Living with feisty inflation

July 16, 2008
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You might have seen the startling news this morning about inflation. The cost of living exploded by 1.1 percent in June, which is a sobering annual rate above 13 percent.

One of the Indianapolis areaâ??s leading financial planners says itâ??s time to take action.

Grace Worley, who calls the June rate a â??horrific numberâ?? when taken in isolation, has been warning clients to expect an erosion in the American standard of living. Expanding economies around the globe will continue bidding up prices for oil and other commodities, meaning robust inflation has become a fact of life at a time when incomes arenâ??t increasing very quickly.

What to do? Keep plenty of cash on hand and take on no more debt than can be managed under most circumstances, she advises. And squirrel away money in diverse, global investments.

â??Thatâ??s all that a prudent person can do in an uncertain world,â?? she says.

One other thing.

Because rising inflation implies prices will be higher in the future, buy things now that youâ??ll need in a year or two. But only if you have the cash to do so and actually will need them.

Your driveway is cracking and you have the money to fix it? Go ahead with the repair, Worley says, because the price of concrete and asphalt might climb. Donâ??t take out a loan, though, because interest rates will start rising next year, she predicts.

What do you think?
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  • Since coming out of school, I have bought a very modest place, less than 94K for a 1bedroom, saved as much as my paycheck would allow me too and only bought things that were essential. I've paid off my credit card, my place has appreciated up to 115K and my savings account is flowing.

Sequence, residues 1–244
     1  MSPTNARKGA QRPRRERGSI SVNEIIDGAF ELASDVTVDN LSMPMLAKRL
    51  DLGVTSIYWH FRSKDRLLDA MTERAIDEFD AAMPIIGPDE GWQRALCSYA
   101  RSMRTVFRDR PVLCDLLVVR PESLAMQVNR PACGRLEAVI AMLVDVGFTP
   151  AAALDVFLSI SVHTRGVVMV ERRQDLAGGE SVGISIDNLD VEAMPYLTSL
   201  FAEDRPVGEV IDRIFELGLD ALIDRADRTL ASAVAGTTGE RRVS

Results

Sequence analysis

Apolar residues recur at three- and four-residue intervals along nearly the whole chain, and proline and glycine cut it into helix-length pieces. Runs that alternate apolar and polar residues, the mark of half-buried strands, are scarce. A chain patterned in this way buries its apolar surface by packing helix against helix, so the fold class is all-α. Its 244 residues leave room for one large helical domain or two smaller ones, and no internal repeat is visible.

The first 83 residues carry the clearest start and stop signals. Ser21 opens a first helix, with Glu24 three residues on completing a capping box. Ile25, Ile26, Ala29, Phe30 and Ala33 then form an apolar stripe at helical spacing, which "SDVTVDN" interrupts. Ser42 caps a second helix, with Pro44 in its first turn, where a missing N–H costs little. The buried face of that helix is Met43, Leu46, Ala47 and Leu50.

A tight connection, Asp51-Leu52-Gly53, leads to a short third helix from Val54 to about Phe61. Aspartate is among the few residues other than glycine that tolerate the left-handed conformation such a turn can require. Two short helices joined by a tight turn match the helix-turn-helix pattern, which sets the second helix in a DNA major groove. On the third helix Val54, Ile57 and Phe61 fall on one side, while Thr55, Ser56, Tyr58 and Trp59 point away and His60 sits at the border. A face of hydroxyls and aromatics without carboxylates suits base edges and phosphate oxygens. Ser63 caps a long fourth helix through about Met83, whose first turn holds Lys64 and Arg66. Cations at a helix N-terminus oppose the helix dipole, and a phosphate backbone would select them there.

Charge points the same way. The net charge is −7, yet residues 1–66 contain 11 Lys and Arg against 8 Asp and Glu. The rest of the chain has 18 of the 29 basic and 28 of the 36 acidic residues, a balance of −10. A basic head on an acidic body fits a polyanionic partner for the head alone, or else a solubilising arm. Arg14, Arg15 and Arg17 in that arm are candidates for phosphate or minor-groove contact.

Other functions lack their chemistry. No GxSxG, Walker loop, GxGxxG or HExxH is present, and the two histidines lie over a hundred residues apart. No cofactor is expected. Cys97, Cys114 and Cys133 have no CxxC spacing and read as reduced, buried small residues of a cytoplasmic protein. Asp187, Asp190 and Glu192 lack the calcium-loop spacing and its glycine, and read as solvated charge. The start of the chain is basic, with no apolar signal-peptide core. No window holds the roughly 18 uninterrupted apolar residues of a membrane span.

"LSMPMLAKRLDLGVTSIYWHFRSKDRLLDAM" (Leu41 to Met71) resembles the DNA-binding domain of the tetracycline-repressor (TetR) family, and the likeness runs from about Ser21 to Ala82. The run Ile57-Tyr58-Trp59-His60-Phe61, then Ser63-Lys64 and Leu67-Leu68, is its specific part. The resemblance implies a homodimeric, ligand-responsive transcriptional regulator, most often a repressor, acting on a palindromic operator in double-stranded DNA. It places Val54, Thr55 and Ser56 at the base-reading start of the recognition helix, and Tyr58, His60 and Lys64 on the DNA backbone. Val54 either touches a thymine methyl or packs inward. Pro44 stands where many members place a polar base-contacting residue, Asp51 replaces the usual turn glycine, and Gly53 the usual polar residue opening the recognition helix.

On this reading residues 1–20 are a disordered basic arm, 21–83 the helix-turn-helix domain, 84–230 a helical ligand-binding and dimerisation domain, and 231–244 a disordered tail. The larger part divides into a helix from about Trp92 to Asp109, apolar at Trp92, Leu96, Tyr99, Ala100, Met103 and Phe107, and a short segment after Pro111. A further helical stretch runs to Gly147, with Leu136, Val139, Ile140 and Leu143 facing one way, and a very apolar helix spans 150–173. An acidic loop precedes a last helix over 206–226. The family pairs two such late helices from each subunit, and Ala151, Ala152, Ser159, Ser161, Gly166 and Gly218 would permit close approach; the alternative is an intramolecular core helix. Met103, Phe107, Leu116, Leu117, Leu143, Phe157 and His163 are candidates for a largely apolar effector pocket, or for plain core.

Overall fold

I don't understand how it can be so hard for people to save money. Quit using credit cards.(I only have one) and I make sure I pay for cash. If my car window cracks, I drive with it until I have cash to pay for it. It just takes common sense and people assesing what it a necessity to buy our pay for, vs a want.

    I say bring it on!
  • Oh and some are probablay thinking I'm making a lot, I'm making less than the median income of Indianapolis. Around 30K and I am 27
  • Good advice except that the majority of people who would benefit from this advice are already heavily in debt and have no cash.

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  1. How can any company that has the cash and other assets be allowed to simply foreclose and not pay the debt? Simon, pay the debt and sell the property yourself. Don't just stiff the bank with the loan and require them to find a buyer.

  2. If you only knew....

  3. The proposal is structured in such a way that a private company (who has competitors in the marketplace) has struck a deal to get "financing" through utility ratepayers via IPL. Competitors to BlueIndy are at disadvantage now. The story isn't "how green can we be" but how creative "financing" through captive ratepayers benefits a company whose proposal should sink or float in the competitive marketplace without customer funding. If it was a great idea there would be financing available. IBJ needs to be doing a story on the utility ratemaking piece of this (which is pretty complicated) but instead it suggests that folks are whining about paying for being green.

  4. The facts contained in your post make your position so much more credible than those based on sheer emotion. Thanks for enlightening us.

  5. Please consider a couple of economic realities: First, retail is more consolidated now than it was when malls like this were built. There used to be many department stores. Now, in essence, there is one--Macy's. Right off, you've eliminated the need for multiple anchor stores in malls. And in-line retailers have consolidated or folded or have stopped building new stores because so much of their business is now online. The Limited, for example, Next, malls are closing all over the country, even some of the former gems are now derelict.Times change. And finally, as the income level of any particular area declines, so do the retail offerings. Sad, but true.

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